Don Paul, of Clancy, holds an illustration he made of an unhappy child watching aircraft overhead, during a display and demonstration on Saturday of remote controlled aircraft that he brought to the Jefferson County Museum. He said as a boy he chose a career in flying after watching aircraft at the airport near his family's farm in Green Bay, Wisconsin.
At an early age, Don Paul knew he had a choice in life.
His family’s dairy farm wrapped around the airport in Green Bay, Wisconsin. Beyond it were the runways where the roar of commercial and military flights called to him.
“The take-offs and landings they’d come right over the house,” he said.
“There was something really exciting watching them come over,” he recalled and remembered asking himself what he wanted to do with his life: milk cows or fly.
It was an easy decision for him.
In the roughly 49 years since Paul applied for his pilot’s license after serving four years in the Air Force, 1962 through 1966 where he worked in electronics, he’s logged 10,000 hours behind the windscreens of some 80 aircraft.
Add in another 5,000 hours as an aircraft instructor.
He had time to talk about flying and his life Saturday as he was preparing for a demonstration of his remote-controlled model airplanes that he built.
Four of them sat on a table at the Jefferson County Museum in Clancy, a former two-room schoolhouse built in 1898. Paul’s demonstration that afternoon would show how the remote controls gave life to the aircraft, although none would actually leave the ground.
The display of Paul’s aircraft and seven of the 1928 Wright Aeronautical Corp. prints of original watercolors helped tell a story of aviation, as did other enlarged color photographs of Vietnam War aircraft on loan from another person.
The chance to fly for a living lured him away from a steady job with United Airlines repairing aircraft instruments just four years after leaving the Air Force.
“I wasn’t making the money, but it was ‘Wow. This is neat. I get paid for doing this,’” he said.
“It turned out to be a real love.”
Don Paul, of Clancy, displays one of the wooden pieces that come with a kit to build a remote controlled model airplane that's part of an exhibit he assembled for the Jefferson County Museum in Clancy.
A 26-year career with the Federal Aviation Administration as an aviation inspector and other duties that included pilot certification, accident investigation and roles in FAA compliance and enforcement left him with certifications to fly everything from single and multi-engine aircraft to seaplanes, helicopters, gliders and hot-air balloons.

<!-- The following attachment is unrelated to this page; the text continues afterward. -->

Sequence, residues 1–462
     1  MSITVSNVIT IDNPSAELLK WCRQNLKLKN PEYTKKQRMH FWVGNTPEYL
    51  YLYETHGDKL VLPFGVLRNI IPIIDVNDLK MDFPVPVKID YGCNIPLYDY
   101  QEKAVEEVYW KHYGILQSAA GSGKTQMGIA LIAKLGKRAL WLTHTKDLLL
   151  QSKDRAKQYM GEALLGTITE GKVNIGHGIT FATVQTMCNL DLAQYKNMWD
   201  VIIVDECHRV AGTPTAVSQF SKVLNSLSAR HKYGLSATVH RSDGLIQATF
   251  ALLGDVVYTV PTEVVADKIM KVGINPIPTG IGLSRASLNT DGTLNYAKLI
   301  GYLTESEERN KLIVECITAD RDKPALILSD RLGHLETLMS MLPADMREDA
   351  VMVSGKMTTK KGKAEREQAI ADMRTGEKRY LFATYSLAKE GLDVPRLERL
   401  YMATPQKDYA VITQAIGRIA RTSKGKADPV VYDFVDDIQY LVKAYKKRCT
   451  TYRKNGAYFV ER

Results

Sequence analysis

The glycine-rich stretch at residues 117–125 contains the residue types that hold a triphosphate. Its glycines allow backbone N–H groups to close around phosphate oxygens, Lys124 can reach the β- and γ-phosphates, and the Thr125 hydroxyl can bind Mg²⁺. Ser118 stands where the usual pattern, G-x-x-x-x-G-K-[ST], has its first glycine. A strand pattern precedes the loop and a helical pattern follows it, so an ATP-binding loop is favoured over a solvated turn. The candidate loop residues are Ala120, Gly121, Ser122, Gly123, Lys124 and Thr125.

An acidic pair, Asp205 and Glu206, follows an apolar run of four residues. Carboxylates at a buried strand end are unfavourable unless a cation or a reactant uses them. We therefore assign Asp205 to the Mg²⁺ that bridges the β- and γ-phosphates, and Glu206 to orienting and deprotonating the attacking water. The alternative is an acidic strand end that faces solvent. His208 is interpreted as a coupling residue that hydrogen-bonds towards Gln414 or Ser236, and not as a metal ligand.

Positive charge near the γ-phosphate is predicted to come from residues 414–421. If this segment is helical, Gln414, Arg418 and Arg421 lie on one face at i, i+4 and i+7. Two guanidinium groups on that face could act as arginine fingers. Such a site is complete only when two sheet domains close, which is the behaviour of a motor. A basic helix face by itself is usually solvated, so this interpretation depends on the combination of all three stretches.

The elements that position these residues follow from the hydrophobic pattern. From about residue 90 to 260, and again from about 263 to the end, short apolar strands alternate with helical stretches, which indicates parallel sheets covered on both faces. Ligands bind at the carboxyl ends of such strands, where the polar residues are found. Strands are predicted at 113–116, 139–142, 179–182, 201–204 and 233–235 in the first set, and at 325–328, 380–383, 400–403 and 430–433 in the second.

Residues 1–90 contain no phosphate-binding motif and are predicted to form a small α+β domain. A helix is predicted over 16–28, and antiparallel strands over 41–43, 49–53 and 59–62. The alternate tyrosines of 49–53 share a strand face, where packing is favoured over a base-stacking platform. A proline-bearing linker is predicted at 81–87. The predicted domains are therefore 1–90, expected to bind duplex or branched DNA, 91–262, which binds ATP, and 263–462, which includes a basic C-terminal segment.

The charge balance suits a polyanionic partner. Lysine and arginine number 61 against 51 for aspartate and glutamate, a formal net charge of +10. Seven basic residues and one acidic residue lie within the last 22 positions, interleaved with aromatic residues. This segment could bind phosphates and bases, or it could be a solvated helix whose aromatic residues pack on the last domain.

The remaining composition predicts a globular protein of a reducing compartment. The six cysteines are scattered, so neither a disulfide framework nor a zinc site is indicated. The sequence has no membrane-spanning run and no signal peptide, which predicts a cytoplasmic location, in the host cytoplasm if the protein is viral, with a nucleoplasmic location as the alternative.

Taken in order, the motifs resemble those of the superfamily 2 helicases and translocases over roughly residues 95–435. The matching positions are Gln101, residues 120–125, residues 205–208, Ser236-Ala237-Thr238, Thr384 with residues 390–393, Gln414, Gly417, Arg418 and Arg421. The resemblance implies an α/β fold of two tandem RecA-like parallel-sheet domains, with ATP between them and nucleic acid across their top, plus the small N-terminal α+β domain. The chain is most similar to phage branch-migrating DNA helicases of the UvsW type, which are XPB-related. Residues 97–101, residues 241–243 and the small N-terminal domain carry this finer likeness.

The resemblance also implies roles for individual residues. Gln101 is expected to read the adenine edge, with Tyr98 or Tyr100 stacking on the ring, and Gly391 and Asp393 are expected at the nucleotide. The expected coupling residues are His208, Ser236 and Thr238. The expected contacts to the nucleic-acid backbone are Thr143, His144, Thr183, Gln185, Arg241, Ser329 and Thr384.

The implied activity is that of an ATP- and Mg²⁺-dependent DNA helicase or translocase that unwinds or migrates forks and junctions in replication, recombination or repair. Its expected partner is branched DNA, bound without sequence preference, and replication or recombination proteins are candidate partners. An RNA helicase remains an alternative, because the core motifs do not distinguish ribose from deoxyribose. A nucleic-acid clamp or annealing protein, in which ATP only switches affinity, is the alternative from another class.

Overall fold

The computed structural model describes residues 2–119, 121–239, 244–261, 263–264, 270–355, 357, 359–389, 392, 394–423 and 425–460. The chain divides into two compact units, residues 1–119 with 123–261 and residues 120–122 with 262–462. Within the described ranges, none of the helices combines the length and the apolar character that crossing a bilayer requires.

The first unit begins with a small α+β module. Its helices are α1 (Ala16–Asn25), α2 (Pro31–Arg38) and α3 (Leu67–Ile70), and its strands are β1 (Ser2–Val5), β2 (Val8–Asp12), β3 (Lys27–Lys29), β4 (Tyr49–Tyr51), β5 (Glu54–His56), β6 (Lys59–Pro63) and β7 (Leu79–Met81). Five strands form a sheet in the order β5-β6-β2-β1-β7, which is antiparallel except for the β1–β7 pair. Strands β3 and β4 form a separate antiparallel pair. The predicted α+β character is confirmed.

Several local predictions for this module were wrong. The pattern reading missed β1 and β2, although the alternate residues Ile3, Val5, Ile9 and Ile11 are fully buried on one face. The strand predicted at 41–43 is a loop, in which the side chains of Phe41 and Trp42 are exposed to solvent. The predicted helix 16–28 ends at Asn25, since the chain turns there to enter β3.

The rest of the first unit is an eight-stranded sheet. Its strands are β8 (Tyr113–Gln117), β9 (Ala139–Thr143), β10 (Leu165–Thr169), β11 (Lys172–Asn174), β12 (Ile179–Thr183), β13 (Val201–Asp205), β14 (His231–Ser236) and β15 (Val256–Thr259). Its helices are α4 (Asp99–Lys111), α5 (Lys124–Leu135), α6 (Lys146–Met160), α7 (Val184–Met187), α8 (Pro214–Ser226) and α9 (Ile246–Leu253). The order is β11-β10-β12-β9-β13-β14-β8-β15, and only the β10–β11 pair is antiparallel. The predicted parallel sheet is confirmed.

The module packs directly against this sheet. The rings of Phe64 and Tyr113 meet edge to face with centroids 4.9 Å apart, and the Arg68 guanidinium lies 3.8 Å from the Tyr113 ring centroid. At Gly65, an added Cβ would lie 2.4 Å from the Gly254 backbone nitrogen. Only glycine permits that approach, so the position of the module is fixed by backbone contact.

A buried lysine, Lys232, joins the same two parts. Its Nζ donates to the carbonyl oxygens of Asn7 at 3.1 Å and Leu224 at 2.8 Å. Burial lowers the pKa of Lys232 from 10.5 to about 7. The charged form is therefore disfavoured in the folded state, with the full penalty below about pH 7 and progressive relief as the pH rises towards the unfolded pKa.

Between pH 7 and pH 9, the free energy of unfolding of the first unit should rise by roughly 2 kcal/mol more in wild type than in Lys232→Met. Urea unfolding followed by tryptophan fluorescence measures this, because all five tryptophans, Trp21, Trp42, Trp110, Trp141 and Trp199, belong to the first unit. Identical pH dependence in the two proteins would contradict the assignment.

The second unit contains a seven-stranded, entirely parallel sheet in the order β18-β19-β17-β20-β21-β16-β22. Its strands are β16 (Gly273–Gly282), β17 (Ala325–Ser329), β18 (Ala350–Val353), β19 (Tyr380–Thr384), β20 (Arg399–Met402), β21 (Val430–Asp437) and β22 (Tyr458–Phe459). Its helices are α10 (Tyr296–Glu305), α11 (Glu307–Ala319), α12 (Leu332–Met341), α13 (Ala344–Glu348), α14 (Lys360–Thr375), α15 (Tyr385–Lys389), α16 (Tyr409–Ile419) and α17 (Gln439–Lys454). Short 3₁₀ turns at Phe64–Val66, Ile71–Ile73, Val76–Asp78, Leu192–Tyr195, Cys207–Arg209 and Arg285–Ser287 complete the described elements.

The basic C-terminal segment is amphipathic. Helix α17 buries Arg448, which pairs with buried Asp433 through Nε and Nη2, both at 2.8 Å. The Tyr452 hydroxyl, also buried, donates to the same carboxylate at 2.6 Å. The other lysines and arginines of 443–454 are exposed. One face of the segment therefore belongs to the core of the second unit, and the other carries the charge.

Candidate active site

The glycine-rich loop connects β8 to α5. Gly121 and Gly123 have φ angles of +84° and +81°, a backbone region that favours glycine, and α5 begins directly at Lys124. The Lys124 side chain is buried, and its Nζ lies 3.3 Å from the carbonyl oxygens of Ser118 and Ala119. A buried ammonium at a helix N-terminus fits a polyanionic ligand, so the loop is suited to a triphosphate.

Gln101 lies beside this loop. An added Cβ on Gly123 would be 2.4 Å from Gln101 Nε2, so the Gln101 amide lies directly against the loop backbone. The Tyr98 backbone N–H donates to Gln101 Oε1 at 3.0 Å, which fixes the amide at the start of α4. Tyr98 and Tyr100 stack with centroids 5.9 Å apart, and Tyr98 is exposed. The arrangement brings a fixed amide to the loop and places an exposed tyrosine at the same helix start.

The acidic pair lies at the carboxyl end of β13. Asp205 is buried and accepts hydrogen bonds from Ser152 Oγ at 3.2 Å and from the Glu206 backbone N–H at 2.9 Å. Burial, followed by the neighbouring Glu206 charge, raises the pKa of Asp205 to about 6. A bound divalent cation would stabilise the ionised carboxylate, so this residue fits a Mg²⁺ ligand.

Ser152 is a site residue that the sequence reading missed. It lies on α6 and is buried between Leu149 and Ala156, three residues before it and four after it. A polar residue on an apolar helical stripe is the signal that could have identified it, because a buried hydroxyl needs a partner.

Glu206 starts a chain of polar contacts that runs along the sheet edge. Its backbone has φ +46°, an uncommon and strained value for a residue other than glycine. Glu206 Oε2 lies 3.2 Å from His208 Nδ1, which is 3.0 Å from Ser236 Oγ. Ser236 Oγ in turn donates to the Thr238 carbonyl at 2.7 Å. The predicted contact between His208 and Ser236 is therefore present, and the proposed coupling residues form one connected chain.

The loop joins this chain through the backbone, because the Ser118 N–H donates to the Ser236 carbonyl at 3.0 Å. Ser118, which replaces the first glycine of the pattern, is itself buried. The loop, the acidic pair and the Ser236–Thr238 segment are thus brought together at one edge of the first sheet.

His work took him from one side of the county to the other. It gave him passage to Guam and Saipan, where the detritus of battle could still be seen in the surf of the Pacific Ocean decades later.
At 71, Paul with his graying hair and gold rimmed glasses, hasn’t lost his passion for flying.
In an F-16 military jet, you can go like this, he said as he raised a hand and then rotated it to illustrate how the aircraft rose like a rocket and rotated in a corkscrew fashion as it carried him and the pilot years ago.
“It was a wild ride,” Paul said, his voice soft even if the memory remained vivid.
Medical issues and fewer friends who have airplanes has kept him on the ground in recent years.
But the 32-year resident of Clancy can be found many days out by the Helena Regulating Reservoir when the weather is clear. There on BLM land he and other members of the Helena Flying Tigers will have their remote-controlled aircraft buzzing overhead.
A balsa wood kit to build an airplane can be $75, plus say another $35 for an engine that will carry it along at 25-30 mph, he said. A more powerful engine will rise in price to the $100 range and speed up to perhaps 70 mph.
Aircraft designed for racing will be traveling at between 120 mph and 150 mph.
A nearly ready to fly model airplane complete with motor can be had for well under $200, Paul said.
Flying remote controlled aircraft takes your mind off everything else, he said.
“It’s kind of exhilarating.”
And this is the same word he uses to describe what it’s like in the cockpit of an aircraft.
He struggles for words to describe the sensation, what’s been his passion for so many years.
“You’re just free to move around,” he said.
“Some of the scenery that you see that people will never see, it’s quite spectacular.”
Story and photo gallery: http://helenair.com